Acquiring the tools of the trade is an important part of becoming a successful portrait photographer.
When you’re just starting, you may not have a large budget to work with. Luckily, you don’t need a truckload of gear to produce quality portraits.
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Portrait Photography Accessories
Along with your camera and a lens, make sure you have the following 10 portrait photography accessories that every beginner should buy.
- Photography backdrops
- Flash or Strobes
- Light Meter
- Light Diffusers
- Photography Camera Bag
- Lens Cleaning Kit
- Lens Filters
- Additional Lenses
1. Photography Backdrops
A photography backdrop is an essential item for studio portraits. They add style and make your portraits appear more professional, as people expect a backdrop when shooting in a studio.
Backdrops come in a wide variety of sizes, colors, and designs. You can find solid color backdrops, textured backdrops, and landscape backdrops.
If you plan on capturing full-length portraits, the backdrops should be at least 10-feet long.
Start with a selection of solid color backgrounds and add more options as your photography business grows.
You can also save money by buying paper backdrops instead of fabric backdrops.
Paper backdrops come on rolls. If the backdrop gets dirty, you rip off a portion of the paper and pull down a fresh portion.
2. Flash or Strobes – Artificial Light
Most portrait photographers have several artificial lighting devices, as proper lighting is the foundation of photography. You cannot rely on natural light to provide optimal results.
Common light sources include LED lights and flashguns. LED lights are best suited for studio sessions, as they typically need access to an electric outlet.
While you can find portable LED lights, they often have limited battery life.
Flashguns are more portable, making them useful for outdoor portraits. However, they do not provide continuous light, which can make it difficult to light your subject.
If you plan on using a flashgun, you should also invest in a light meter.
3. Light Meter
A light meter is a handheld gadget that you can use to measure available light in a scene or the direct light from one of your light sources.
Using a light meter allows you to set the correct shutter speed for more accurate exposure, especially when using an off-camera flash. Look for a light meter that includes support for flashes.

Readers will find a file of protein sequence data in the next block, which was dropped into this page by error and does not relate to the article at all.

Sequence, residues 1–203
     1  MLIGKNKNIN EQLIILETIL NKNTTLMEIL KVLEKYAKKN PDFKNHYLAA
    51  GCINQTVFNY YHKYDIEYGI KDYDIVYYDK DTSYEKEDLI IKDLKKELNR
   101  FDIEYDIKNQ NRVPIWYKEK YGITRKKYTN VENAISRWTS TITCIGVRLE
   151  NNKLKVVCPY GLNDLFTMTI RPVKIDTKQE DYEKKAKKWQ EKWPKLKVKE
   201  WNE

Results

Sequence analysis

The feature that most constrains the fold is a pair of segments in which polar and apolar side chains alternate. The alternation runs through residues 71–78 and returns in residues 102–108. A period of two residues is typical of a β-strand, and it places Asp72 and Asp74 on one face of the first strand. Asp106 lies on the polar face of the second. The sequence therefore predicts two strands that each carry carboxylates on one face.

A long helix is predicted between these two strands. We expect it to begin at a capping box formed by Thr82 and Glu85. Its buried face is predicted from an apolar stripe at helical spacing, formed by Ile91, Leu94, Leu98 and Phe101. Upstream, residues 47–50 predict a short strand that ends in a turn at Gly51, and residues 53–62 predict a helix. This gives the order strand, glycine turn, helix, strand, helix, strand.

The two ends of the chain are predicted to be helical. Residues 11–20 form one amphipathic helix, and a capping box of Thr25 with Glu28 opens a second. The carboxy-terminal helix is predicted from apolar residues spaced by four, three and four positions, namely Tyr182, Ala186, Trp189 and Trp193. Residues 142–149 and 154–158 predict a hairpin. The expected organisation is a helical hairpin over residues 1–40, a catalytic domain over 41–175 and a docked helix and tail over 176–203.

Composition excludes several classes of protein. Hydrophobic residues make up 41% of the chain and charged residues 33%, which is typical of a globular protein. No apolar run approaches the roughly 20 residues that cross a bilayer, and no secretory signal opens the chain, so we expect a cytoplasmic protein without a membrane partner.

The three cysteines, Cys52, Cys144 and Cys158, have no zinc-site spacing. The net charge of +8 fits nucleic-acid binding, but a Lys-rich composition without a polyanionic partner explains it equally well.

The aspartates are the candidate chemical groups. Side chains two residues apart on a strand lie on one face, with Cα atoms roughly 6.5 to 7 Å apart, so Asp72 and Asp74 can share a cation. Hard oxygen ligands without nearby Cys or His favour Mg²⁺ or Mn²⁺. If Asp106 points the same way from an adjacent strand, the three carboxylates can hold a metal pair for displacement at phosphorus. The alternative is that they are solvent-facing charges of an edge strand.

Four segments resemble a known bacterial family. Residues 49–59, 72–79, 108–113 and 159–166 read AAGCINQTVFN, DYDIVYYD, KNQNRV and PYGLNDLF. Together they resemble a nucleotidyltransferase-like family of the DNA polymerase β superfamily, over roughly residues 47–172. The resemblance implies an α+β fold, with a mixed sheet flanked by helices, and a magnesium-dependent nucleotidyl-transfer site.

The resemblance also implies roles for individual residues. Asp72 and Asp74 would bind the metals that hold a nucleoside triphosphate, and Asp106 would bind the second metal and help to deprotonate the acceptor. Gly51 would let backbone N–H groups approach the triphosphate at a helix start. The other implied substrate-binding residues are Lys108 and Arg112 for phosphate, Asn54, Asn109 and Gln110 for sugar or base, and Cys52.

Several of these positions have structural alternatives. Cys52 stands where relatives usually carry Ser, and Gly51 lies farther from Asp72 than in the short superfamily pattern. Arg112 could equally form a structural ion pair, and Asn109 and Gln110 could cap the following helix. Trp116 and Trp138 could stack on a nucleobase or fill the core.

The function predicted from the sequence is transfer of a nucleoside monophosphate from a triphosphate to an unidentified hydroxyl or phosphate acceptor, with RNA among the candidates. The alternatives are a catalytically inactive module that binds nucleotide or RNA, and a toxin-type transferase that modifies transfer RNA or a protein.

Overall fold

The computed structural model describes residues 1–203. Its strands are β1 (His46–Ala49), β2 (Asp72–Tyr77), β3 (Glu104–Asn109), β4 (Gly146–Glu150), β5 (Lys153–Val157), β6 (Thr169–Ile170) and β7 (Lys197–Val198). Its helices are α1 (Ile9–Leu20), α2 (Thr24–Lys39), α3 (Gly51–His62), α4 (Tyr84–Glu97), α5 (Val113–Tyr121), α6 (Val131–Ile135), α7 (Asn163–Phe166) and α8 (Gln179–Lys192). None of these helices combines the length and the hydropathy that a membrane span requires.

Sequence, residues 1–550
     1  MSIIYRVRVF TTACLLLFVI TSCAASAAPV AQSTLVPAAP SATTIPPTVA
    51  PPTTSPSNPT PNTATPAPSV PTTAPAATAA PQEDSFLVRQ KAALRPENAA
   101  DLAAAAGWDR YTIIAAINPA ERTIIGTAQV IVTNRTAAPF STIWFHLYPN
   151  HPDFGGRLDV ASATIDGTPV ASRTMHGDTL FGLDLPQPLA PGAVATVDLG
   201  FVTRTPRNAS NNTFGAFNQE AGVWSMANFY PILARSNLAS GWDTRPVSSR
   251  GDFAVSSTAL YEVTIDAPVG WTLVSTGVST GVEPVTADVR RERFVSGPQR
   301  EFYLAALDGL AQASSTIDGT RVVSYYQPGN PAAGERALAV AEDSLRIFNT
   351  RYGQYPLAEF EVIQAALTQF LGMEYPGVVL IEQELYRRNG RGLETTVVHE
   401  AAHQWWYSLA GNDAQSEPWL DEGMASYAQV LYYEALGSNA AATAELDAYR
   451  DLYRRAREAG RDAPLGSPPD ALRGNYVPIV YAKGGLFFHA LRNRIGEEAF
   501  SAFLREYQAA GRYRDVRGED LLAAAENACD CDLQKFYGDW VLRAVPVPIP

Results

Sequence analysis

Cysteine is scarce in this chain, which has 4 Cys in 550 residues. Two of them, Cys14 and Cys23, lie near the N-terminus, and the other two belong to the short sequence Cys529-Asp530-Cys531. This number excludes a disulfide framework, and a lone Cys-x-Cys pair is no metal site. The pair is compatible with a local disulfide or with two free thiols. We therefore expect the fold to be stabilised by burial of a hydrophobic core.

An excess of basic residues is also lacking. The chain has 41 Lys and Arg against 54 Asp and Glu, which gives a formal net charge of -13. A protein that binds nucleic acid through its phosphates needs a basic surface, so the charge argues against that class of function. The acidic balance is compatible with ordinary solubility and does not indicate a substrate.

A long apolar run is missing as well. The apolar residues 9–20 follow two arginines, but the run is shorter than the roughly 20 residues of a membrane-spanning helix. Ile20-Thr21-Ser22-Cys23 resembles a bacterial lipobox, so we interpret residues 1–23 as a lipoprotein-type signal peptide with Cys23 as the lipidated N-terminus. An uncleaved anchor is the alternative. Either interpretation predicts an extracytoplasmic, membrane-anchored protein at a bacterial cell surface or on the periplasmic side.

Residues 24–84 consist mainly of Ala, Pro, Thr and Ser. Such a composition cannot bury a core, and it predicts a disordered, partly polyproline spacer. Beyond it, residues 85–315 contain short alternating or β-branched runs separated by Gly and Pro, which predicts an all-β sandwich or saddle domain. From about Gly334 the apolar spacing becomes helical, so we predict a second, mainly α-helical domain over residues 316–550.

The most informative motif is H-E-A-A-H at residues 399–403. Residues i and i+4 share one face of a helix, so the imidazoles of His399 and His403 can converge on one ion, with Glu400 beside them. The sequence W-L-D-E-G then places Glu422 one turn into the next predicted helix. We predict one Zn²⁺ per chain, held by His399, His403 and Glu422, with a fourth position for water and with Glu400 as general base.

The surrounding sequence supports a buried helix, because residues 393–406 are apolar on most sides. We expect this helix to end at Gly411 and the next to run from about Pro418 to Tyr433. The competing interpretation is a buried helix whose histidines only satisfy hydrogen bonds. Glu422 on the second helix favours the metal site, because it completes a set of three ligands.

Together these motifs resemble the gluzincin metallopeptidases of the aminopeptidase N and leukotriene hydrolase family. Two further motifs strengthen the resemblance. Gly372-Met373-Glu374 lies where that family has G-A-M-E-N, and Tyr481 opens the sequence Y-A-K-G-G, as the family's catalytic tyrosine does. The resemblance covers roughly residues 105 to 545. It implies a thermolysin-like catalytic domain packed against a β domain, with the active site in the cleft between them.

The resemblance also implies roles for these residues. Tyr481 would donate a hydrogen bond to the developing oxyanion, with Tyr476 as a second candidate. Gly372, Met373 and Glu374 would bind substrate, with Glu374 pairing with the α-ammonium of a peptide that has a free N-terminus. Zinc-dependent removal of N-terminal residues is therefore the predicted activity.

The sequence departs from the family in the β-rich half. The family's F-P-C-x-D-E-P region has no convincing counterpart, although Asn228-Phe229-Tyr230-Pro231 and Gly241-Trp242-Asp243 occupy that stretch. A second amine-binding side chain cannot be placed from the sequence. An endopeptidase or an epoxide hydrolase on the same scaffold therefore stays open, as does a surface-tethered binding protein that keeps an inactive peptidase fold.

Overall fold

Light reflectors are useful for outdoor portraits and studio portraits. When shooting outdoors, reflectors help you fix shadows that may appear on your subject due to strong natural light.
You can also use reflectors to enhance flat lighting and achieve a more dramatic look.
Reflectors come in a variety of sizes, designs, and colors. You can hold reflectors or mount them to stands.
Some reflectors are also collapsible, allowing you to easily store and transport them with the rest of your gear.
The main color options include silver, white, gold, and black. Silver reflects more of the light source, while white helps reflect and soften the light.
Gold helps add more of a warmer color temperature to the light. Black is used for color blocking and canceling out reflections.
5. Light Diffusers
As with light reflectors, light diffusers help you control light. Instead of reflecting light, diffusers soften it to help eliminate shadows from strong lighting sources.
Diffusers also come in a variety of sizes and styles. If you plan on using LED lights or bulbs, consider buying one or more softboxes.
Softboxes are enclosures that fit over your artificial lighting source to diffuse the light.
You can also purchase handheld diffusers and fabric diffusers. As with backdrops, fabric diffusers are often large and hung from a frame or other structure.